An international team of scientists has designed remote-controlled cockroaches, equipped with a battery ‘backpack’ powered by solar panels. The cockroaches are part insect and part machine (called cyborg) and have been created to monitor the environment or help with urban search and rescue missions after a natural disaster, according to a report in CNET. The system is wired into the insect’s nervous system and has a power output about 50 times higher than previous devices, the outlet further said, quoting from the study.
The research has been published in the journal npj Flexible Electronics. Researchers from Japan and other countries have contributed in it.
According to the study, the cyborg system allows scientists to remotely control the legs of the cockroach. The ultrathin and flexible solar cell doesn’t come in the way of the cockroach’s movement, the study further said.
How the system functions?
Pressing a button sends electrical impulses to the sensory organs attacked to the abdomens of the roaches. The shock causes the insect to move left or right, according to CNET.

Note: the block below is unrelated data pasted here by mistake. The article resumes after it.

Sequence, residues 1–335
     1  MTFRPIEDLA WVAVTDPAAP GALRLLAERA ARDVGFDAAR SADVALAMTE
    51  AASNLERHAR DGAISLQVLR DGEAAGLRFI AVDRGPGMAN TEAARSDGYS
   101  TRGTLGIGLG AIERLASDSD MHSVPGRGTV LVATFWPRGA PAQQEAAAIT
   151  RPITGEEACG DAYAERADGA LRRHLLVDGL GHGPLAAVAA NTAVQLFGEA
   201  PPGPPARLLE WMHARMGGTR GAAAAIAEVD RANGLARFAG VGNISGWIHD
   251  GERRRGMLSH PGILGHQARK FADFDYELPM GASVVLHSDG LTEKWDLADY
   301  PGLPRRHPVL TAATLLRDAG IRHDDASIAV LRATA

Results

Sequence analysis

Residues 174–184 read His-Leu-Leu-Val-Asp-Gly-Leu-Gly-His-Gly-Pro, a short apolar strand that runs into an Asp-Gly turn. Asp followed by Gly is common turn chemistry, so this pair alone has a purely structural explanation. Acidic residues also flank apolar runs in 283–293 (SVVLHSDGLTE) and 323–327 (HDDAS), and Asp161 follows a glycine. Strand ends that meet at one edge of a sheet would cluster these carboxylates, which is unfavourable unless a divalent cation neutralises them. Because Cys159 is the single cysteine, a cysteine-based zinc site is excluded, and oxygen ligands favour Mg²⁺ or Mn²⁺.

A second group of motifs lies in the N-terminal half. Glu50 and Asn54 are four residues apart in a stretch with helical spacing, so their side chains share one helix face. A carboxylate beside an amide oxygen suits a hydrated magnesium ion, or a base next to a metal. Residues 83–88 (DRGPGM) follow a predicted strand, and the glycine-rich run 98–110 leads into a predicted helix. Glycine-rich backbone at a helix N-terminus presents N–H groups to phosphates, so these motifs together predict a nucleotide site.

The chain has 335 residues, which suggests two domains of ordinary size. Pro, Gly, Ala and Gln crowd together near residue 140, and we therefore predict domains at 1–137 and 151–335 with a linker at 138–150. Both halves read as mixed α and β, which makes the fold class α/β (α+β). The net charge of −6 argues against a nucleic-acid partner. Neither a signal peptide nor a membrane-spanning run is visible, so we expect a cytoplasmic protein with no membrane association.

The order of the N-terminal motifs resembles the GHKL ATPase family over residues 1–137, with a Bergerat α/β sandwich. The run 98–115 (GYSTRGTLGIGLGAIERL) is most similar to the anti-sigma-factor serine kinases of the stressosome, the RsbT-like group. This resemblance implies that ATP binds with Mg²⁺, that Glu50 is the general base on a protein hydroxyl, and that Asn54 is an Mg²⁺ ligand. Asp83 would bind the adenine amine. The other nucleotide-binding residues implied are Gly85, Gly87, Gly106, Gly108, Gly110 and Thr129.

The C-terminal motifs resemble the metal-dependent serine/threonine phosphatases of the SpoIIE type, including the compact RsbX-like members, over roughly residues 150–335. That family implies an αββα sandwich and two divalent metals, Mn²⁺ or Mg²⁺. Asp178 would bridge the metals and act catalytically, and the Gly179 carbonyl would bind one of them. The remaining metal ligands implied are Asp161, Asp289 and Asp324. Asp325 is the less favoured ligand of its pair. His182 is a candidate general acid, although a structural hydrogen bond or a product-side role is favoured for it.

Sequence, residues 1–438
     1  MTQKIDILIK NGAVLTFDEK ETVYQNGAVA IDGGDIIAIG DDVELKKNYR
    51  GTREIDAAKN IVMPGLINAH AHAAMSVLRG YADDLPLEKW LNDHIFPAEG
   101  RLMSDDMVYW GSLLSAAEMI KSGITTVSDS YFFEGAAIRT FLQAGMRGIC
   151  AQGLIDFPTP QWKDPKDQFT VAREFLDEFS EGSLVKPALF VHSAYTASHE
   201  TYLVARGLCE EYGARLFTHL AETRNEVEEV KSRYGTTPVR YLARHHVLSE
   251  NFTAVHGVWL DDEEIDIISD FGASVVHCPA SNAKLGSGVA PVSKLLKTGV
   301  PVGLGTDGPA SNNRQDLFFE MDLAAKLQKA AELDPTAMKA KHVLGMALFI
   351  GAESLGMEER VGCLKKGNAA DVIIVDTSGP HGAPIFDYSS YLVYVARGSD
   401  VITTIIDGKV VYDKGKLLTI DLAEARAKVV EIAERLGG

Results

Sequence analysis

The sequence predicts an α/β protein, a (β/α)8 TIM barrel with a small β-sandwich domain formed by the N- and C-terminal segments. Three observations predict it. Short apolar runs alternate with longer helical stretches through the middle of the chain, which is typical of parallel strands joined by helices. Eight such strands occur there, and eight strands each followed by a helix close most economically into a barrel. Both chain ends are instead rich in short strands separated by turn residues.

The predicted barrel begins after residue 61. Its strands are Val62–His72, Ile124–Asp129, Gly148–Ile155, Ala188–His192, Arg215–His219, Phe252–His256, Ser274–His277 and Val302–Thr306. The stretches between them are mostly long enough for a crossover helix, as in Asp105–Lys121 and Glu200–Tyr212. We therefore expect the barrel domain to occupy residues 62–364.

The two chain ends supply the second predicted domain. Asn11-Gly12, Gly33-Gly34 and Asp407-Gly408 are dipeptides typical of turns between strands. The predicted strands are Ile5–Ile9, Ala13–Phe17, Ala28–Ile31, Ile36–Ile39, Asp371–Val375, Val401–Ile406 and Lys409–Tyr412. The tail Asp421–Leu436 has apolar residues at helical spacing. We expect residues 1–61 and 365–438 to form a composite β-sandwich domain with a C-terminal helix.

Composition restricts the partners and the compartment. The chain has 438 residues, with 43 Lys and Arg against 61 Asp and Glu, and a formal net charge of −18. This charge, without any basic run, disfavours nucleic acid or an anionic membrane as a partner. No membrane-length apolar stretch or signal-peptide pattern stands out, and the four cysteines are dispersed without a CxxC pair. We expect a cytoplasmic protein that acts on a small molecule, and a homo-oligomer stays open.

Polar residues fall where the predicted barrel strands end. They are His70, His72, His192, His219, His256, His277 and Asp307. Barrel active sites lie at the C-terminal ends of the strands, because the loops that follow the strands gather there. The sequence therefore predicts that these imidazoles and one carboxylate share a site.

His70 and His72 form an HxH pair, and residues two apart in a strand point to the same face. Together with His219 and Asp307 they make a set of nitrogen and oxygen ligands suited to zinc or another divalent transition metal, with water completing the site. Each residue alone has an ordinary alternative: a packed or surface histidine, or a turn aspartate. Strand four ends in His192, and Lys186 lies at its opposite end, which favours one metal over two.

The sending and receiving of electrical impulses require a battery back, and according to widely-used technology, need to be charged up. Since the insects will be used at critical times, scientists wanted to eliminate the need for them to return and recharge the batteries.
A solar powered battery pack removes the bottleneck, the study said.
Other such experiments
In April, scientists unveiled a mechanic prototype of a rat – named SQuRO (small-sized quadruped robotic rat) – to assist in rescue operations. In a research published in the journal IEEE Transactions on Robotics, said that the small-sized robot can pass through narrow tunnels, rugged terrains and even pick itself up after being kicked over.
The scientists also said that SQuRO has a large cargo capacity (200 g).